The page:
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Fight against terror 'needs science institute'

Naturevolume 417page887 (2002) | Download Citation

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The US National Academy of Sciences has called on the government to create a new institute for homeland security to assist policy-makers in the fight against terrorism.

The academy also asks for the creation of a new granting arm of the National Institutes of Health to fund high-risk research, along the lines pioneered by the Defense Advanced Research Projects Agency (DARPA).

The requests are made in a report that the academy, together with the National Academy of Engineering and the Institute of Medicine, has been painstakingly preparing since shortly after the terrorist attacks of 11 September last year. The report, which was released on 24 June, also recommends a wide range of scientific measures to defend the country from nuclear, biological, chemical, computer and infrastructure attacks.

The institute would, the report says, function as a contractor to the government, and would help to test and set standards for devices to prevent and contain terrorist attacks. These include sensors that would help emergency workers, food and shipping inspectors and city officials to thwart biological, chemical and nuclear attacks.

“There is going to be a proliferation of technologies and it will be important to characterize how they work and how they can best be deployed,” says Richard Klausner, a former director of the National Cancer Institute and co-chair of the panel that wrote the report, who now works for the Bill and Melinda Gates Foundation in Seattle, Washington.

As well as the new granting mechanism at the NIH, the report suggests that the Department of Agriculture should support a new funding programme to coordinate the nation's response to plant pathogens. It also calls for the United States to take extra steps to recruit and train the next generation of scientists and engineers.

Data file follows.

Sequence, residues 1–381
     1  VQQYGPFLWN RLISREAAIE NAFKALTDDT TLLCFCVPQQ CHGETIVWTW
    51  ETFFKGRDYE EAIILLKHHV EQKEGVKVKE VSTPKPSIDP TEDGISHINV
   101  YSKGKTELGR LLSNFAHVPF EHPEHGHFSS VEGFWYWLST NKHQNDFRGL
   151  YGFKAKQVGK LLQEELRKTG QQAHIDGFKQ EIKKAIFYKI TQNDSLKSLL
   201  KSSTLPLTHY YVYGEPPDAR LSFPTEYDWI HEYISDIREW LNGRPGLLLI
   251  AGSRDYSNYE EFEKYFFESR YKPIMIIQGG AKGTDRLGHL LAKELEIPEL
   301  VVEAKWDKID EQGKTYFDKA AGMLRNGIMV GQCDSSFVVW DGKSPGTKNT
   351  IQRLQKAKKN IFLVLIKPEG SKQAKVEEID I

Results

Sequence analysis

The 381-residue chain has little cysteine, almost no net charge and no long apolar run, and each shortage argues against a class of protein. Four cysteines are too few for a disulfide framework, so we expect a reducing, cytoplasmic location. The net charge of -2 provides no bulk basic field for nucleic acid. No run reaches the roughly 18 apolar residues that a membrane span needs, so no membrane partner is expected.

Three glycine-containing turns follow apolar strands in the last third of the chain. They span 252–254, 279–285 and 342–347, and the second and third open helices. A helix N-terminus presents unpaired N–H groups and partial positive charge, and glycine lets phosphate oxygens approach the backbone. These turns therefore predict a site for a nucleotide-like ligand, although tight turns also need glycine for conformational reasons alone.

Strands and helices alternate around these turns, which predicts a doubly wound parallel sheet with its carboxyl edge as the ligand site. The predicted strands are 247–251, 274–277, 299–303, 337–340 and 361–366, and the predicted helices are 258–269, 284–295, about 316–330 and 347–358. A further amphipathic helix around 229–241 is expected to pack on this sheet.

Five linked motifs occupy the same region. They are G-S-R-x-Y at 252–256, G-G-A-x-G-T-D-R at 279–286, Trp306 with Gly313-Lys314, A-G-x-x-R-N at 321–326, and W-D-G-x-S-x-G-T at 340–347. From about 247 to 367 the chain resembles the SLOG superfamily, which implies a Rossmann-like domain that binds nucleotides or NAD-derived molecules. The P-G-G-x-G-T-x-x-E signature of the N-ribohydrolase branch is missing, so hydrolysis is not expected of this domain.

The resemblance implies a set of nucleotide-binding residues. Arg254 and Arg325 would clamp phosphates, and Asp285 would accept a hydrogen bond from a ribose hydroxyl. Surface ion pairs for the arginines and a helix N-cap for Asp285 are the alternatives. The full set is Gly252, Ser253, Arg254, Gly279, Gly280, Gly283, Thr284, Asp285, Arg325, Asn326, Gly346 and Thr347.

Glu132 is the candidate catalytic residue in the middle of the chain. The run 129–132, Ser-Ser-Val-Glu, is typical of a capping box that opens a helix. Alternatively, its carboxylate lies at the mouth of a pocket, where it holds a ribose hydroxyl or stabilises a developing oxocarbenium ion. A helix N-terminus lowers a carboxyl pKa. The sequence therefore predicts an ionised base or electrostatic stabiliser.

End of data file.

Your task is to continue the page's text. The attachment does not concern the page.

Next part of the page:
The report adds that the government should do more to track nuclear weapons and other radioactive materials, and to provide more funding to help Russia dilute its supply of highly enriched uranium. And it calls for more research in many areas, including the psychological response to terrorism, the human immune system, and the ability of contaminants to permeate the water supply.

The report does not suggest a budget for any of these initiatives. And as it was not requested by the government, some have questioned its likely impact. But Congress seems to be receptive to the report, and committees in both the House and the Senate have arranged hearings on its findings.

Some researchers complained that the document was silent on issues such as how to deal with the publication of what it calls “sensitive but unclassified” research. The report says that the White House Office of Science and Technology Policy should begin dialogue with scientists on this issue, but does not recommend any particular approach to it.

Critics also argue that the report misses the opportunity to urge better integration of science into US intelligence agencies, which have been criticized for their failure to prevent last September's attacks.

Much of the report was drafted before 6 June, when President George W. Bush introduced plans to create a new Department of Homeland Security. But researchers hope that it will help to set the scientific agenda for the department, which Bush promised would coordinate research against terrorist threats.

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